As a parting gift, I was given a prescription for Ibuprofen because, as Dr. Lee informed me with practiced regret, "It's gonna hurt when the anesthetic wears off." I wasn't allowed to bite down for the next ten minutes, to allow the resin to harden.

Sperwer graciously drove me back to Smoo campus. I grabbed some cash from an ATM, went to the local pharmacy, and bought my drugs. The lady at the front desk of the dental clinic had cautioned me not to take the painkiller unless I was in real pain, and the lady at the pharmacy gave me exactly the same advice. Which brings us to...


This blog now goes on PainWatch (currently reading Green). I have no idea how long that anesthetic is supposed to last. My appointment with The Chair began a little after noon, and as I type this, it's about 6:00PM. No real pain to speak of, and I've already eaten a large meal and successfully downed some cold Nestea Green Tea with no apparent ill effects. Perhaps Dr. Lee really killed that nerve dead.

The question now is whether I'll remain this pain-free until September 2. I do feel some subterranean rumblings in my gums, hints of amusement to come, but if the drugs are supposed to have worn off by now, then maybe there won't be anything more than rumblings.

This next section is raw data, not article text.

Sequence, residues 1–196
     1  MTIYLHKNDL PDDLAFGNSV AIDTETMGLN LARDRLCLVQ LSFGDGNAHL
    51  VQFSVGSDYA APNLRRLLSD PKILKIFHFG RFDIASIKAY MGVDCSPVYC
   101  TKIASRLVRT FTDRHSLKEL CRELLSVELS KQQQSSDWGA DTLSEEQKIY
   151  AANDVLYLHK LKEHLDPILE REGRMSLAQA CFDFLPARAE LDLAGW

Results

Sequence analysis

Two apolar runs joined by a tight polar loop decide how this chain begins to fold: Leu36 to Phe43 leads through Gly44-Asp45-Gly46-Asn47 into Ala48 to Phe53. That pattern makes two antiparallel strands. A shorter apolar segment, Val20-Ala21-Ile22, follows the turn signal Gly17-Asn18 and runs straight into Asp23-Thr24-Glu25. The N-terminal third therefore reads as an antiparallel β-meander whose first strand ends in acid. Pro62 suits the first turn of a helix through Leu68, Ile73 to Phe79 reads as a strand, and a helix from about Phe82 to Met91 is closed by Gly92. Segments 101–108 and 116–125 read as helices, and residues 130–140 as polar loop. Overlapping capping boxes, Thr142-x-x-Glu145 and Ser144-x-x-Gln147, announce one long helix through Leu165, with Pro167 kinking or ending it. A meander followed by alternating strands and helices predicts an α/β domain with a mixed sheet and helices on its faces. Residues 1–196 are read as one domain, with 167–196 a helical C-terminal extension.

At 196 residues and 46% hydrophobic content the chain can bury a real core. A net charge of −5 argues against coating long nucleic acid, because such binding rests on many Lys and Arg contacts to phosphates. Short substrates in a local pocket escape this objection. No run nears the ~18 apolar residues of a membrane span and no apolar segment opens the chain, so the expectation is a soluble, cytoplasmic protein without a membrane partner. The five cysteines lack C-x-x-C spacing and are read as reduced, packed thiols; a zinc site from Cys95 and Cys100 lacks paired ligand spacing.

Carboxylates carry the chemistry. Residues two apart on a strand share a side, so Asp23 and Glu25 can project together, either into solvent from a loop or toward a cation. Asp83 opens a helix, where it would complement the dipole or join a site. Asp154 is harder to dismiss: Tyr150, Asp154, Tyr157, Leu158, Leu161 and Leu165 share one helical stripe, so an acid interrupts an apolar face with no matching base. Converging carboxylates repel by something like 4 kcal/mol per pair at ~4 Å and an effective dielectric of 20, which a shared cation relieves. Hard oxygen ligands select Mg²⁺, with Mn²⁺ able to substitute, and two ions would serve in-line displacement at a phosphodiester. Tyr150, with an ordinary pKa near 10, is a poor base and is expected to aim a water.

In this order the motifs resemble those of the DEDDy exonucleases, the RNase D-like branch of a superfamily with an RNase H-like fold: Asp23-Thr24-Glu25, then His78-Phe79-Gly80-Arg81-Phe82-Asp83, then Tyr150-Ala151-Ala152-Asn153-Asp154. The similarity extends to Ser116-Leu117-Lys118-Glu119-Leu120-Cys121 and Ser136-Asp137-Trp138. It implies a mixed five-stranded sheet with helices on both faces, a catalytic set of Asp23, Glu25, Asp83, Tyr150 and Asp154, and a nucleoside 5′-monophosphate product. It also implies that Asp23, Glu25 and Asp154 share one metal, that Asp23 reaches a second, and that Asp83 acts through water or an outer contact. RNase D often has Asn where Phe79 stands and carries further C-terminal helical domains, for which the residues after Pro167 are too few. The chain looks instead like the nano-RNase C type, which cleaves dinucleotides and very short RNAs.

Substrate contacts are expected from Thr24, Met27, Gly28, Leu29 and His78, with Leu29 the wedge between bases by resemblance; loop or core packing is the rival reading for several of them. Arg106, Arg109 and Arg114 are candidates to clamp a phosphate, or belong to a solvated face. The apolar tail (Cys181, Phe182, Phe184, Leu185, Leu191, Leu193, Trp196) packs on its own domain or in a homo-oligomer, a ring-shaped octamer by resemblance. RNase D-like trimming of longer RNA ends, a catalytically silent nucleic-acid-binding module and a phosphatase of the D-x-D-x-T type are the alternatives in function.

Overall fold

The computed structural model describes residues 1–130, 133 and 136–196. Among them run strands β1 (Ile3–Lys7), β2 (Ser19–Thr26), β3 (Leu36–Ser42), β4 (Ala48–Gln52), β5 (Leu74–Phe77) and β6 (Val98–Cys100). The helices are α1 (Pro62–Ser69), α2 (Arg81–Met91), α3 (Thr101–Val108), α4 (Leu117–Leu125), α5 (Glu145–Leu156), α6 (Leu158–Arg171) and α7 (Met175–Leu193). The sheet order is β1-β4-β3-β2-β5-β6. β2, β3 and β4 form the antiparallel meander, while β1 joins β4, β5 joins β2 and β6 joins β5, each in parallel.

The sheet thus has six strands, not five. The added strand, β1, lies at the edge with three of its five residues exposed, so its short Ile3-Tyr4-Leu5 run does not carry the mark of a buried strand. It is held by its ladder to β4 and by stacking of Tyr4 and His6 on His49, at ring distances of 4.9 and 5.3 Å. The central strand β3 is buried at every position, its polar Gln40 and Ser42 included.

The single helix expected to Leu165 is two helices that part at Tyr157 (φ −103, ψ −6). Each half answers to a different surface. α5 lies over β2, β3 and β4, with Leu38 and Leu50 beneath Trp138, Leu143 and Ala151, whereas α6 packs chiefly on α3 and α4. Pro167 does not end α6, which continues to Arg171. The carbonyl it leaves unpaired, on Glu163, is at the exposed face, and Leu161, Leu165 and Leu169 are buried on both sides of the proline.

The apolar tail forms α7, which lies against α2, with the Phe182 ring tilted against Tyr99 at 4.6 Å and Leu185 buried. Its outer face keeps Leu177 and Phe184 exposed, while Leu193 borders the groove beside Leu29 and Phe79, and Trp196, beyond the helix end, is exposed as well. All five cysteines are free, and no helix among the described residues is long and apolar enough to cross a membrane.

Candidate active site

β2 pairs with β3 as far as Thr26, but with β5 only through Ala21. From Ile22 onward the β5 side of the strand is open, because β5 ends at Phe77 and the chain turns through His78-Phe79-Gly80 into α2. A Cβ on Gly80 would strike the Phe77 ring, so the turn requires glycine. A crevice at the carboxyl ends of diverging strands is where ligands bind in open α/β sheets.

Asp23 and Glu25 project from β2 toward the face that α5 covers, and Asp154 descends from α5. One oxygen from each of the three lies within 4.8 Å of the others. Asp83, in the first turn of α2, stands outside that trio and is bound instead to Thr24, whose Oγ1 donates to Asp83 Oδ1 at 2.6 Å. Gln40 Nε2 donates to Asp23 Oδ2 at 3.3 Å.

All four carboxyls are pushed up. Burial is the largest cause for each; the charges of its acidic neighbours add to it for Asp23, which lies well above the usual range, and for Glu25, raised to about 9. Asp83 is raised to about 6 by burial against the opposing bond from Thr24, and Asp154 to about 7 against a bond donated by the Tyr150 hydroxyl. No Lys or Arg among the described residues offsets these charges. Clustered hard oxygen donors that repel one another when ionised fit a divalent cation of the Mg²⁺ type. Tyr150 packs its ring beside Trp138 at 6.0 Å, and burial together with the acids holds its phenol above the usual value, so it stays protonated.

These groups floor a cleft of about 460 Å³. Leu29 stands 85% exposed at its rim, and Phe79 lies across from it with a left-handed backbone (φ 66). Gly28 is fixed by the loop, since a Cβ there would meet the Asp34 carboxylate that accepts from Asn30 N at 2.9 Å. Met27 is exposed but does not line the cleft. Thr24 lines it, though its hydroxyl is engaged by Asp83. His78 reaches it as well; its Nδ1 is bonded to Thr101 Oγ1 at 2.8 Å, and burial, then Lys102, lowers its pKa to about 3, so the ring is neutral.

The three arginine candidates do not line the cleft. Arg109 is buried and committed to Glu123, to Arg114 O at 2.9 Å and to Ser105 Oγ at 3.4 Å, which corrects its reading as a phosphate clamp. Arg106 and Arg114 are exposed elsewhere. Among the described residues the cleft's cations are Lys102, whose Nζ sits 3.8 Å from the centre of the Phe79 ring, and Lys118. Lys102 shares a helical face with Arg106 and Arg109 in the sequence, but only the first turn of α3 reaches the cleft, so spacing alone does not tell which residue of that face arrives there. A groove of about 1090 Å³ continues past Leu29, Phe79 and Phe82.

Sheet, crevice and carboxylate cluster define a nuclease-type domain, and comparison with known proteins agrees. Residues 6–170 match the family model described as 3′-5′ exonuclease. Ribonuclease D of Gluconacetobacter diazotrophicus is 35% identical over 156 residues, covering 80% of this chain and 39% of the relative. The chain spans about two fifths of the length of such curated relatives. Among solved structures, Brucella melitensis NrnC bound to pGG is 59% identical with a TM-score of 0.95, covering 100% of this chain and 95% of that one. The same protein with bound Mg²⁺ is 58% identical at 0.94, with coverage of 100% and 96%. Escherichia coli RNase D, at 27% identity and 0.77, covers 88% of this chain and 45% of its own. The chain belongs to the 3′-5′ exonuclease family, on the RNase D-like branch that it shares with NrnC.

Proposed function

While I consider myself pretty tolerant of most forms of pain (OK, maybe I wouldn't do so well against porcupine quills), PainWatch blog entries will appear only when I suffer major agony. Low-grade to middle-grade pain won't make the blog. By "agony" I mean teary-eyed, nearly incapacitating, maybe-gonna-scream-and-shoot-blood-out-my-ass agony, folks-- the kind I'll be able to blog only after the pain has begun to subside and the ass-blood has been cleared off the floor.


I was one of those cruel kids who learned early in elementary school how to use a magnifying glass to focus sunlight onto helpless insects-- usually ants. The burning smell isn't something you forget, because a burning insect smells nothing like burnt toast. Today, while surrounded by three women and being drilled by one of them, I smelled that insect-burning smell coming from inside my mouth. Again, if I hadn't had the local anesthetic, I might have found the olfactory experience less than amusing. As it was, the smell was merely one of many sensory data assaulting me at the time, and I felt nothing.

I didn't check to see whether Korean dental clinic waiting rooms hold stacks of outdated magazines. On my next visit, if I remember to do so, I'll look around.

For those in Korea who might need dental work done (or even a routine checkup), I highly recommend Dr. Lee's clinic. If you need information on it, I'll get it from Sperwer and pass it along to you. Dr. Lee speaks English very well, and her staff appears to speak it, too. Most of the English I heard today consisted of the "lie back," "bite down," "close your mouth slightly" variety. You won't be hearing any florid disquisitions on Buddhist phenomenology, but you'll hear enough English to guide you through a procedure.

Ave, Dr. Lee! And thanks, once again, to the intrepid Sperwer. Dr. Lee told me quite sincerely, "You've got a good friend there." Indeed.